How Sweat Lodges Work

By: Amy Hunter
A Native American sweat lodge.
VisionsofAmerica/Joe Sohm/Getty Images

Let's say you're a wet rag. Not only that -- ­l­et's say you're a dirty wet rag, a rag that was used to clean the grime off the rims of a car. If someone picked you up and twisted you really hard, y­ou'd release a rain shower of water. And, along with that water, would trickle grime. That's kind of what it feels like when your body breaks a good sweat. It's dirty business, but when it's all said and done, you feel cleaner, fresher, newer. You feel as if the grime has been wrung from your body.

The desire to "sweat it off" is no new thing. Throughout history, humans have found ways to sweat out their demons, and sweat lodges are just one example of that fact. In the United States, sweat lodges are largely associated with Native American tradition. But they've been seen in cultures around the world. Ancient stone buildings in Ireland suggest they appreciated the benefits of sweating -- same thing in rural China, Russia and Mongolia, and the Polish make use of sweat lodges in folk medicine. The oldest sweat lodge evidence dates back to 5 B.C. It appears that the Scythians, a nomadic group that populated today's southern Russia, constructed sweat lodges from poles and woven cloth.


Cultures use sweats for a variety of reasons. Within the Native American culture, sweats may be used to give thanks, to cleanse, to heal, to celebrate or to mourn. Some tribes use sweats to seek wisdom and counsel or to elicit visions. Historically, Native Americans believed that the sweat had sacred properties. For this reason, many of the Christians that arrived in America forced the Native Americans to abandon their sweat rituals. Although some tribes totally gave up the practice, others, such as the Crow, held on to their traditions of sweating.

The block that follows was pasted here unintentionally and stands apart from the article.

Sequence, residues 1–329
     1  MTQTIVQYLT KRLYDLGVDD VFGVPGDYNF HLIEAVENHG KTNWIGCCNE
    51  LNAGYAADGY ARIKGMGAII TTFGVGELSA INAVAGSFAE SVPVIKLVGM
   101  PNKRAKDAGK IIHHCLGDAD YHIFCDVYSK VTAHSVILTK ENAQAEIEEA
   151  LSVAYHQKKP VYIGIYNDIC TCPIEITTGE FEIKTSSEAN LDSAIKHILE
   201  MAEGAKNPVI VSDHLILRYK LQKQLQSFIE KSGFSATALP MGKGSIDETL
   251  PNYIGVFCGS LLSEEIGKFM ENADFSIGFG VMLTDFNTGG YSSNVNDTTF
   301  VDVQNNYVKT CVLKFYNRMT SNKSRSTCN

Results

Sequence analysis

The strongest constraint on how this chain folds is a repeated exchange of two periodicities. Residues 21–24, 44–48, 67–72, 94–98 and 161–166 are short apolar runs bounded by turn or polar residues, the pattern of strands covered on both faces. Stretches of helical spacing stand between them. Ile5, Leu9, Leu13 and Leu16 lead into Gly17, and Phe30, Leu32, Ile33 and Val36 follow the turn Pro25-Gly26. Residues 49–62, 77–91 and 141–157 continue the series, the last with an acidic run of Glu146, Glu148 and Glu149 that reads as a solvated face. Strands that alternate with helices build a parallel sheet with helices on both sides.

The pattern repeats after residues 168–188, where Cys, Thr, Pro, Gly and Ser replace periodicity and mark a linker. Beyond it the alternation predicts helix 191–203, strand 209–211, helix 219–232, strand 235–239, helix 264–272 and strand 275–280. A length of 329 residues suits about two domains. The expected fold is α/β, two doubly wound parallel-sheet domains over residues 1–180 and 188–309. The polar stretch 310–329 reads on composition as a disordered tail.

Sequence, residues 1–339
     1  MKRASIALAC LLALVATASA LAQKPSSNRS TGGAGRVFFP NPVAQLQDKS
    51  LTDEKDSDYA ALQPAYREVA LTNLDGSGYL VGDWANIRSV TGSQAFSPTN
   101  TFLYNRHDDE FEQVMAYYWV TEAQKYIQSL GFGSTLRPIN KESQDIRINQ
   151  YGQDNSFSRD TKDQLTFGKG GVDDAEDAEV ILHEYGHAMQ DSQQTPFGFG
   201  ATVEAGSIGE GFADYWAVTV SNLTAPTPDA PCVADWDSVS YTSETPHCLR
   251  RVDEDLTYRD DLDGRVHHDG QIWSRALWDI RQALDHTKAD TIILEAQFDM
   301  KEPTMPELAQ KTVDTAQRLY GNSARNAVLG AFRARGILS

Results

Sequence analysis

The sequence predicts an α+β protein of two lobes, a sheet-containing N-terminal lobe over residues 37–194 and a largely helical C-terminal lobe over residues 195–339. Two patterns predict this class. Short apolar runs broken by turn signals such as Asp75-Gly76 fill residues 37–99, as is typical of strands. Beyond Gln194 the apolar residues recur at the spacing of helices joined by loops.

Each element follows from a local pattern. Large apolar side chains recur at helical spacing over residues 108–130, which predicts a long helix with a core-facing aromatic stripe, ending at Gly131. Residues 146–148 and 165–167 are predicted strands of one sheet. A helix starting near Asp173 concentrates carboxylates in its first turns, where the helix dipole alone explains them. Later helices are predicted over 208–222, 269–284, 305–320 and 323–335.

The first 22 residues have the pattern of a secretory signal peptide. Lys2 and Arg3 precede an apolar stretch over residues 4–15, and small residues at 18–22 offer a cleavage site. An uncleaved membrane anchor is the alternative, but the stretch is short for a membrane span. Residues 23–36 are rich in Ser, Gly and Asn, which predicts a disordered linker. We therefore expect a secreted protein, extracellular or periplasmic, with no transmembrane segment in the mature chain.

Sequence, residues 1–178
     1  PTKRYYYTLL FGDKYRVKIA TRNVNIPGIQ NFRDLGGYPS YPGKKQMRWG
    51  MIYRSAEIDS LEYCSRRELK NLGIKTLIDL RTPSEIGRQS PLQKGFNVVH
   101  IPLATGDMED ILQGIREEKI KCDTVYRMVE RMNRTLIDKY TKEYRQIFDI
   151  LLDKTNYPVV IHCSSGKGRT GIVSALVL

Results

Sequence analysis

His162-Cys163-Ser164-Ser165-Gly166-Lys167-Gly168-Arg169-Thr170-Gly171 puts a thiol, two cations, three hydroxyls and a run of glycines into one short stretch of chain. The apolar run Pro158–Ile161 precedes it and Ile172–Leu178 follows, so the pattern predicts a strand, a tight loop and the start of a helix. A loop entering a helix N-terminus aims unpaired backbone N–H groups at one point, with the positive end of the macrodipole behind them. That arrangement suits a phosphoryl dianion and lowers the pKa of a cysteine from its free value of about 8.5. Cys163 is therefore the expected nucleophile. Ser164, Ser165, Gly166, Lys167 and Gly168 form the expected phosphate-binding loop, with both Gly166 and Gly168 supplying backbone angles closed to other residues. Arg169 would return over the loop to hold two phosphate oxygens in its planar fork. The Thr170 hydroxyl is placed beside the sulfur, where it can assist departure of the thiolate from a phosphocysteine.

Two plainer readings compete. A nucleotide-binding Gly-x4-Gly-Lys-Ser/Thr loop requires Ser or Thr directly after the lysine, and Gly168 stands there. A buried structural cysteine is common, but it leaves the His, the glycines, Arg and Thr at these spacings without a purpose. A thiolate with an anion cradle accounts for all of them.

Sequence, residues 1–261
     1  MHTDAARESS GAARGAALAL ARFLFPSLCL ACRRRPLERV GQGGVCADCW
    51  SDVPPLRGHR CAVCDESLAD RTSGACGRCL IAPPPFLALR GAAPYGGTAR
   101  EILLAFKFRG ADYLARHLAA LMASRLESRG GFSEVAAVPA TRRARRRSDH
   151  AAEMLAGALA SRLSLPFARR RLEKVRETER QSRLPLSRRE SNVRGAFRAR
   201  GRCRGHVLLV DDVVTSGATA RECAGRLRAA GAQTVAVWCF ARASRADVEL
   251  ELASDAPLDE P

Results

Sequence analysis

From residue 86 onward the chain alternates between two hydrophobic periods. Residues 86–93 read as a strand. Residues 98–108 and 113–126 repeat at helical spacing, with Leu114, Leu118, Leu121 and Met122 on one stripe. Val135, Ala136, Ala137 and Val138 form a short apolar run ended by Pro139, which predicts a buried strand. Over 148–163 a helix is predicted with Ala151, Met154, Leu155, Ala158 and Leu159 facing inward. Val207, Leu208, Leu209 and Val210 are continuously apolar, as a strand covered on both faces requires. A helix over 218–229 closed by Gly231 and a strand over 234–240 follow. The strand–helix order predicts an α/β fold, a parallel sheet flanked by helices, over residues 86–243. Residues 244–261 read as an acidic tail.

­Sweat lodges are similar in some ways to saunas. Rocks generate heat in the room, and added water creates steam. But while people may limit their sauna time to 20 minutes, it's not unusual to spend several hours in a sweat lodge. Some people think the ceremonial aspects of the sweat lodge experience make it easier to endure the heat for longer. But that's not always the case for everyone.

Will you overheat? Is it good for your health? So many questions.


Sweat Lodge Construction

Native American sweat ­lodges come in several different shapes. A lodge may be shaped like a traditional teepee, or it may be round or oval. Some sweat lodges are built by digging a hole in the earth and then covering the area with wooden planks or tree trunks.

­The heat inside the sweat lodge is generated from large rocks. The rocks are heated outside of the sweat lodge in a large fire. Before the sweat begins, several of the rocks are put inside the lodge. Additional rocks are added throughout the sweat to keep the temperature in the sweat lodge high. Temperatures are usually around 102 degrees Fahrenheit (39 degrees Celsius).


If the participants want a particularly hot lodge, water is added to the rocks to create more steam and heat. But water-logged rocks cool down more quickly than dry rocks, so they have to be replaced with new ones more often.

Most of time, the door of the sweat lodge faces the fire outside where the rocks are heated. In traditional sweat lodges, the building may be oriented to show appreciation for a nearby lake, mountain or the sky. Traditional sweat lodges may also have strict codes of conduct during their construction. Some sweat lodges are built in silence. In other cases, the builders may fast during the construction, or a person beats drums and chants.

A growing number of commercial sweat lodges are hitting the marketplace. These lodges don't usually resemble the sweat lodges of Native American culture. Instead, they're often added to spas and resorts. They usually are designed to fit in with the landscape and attempt to present a relatively authentic sweat lodge experience to the participants.

While the sweating experience at a commercial lodge may be satisfactory for some, most devotees prefer the traditional Native American sweat.


What to Expect in a Sweat Lodge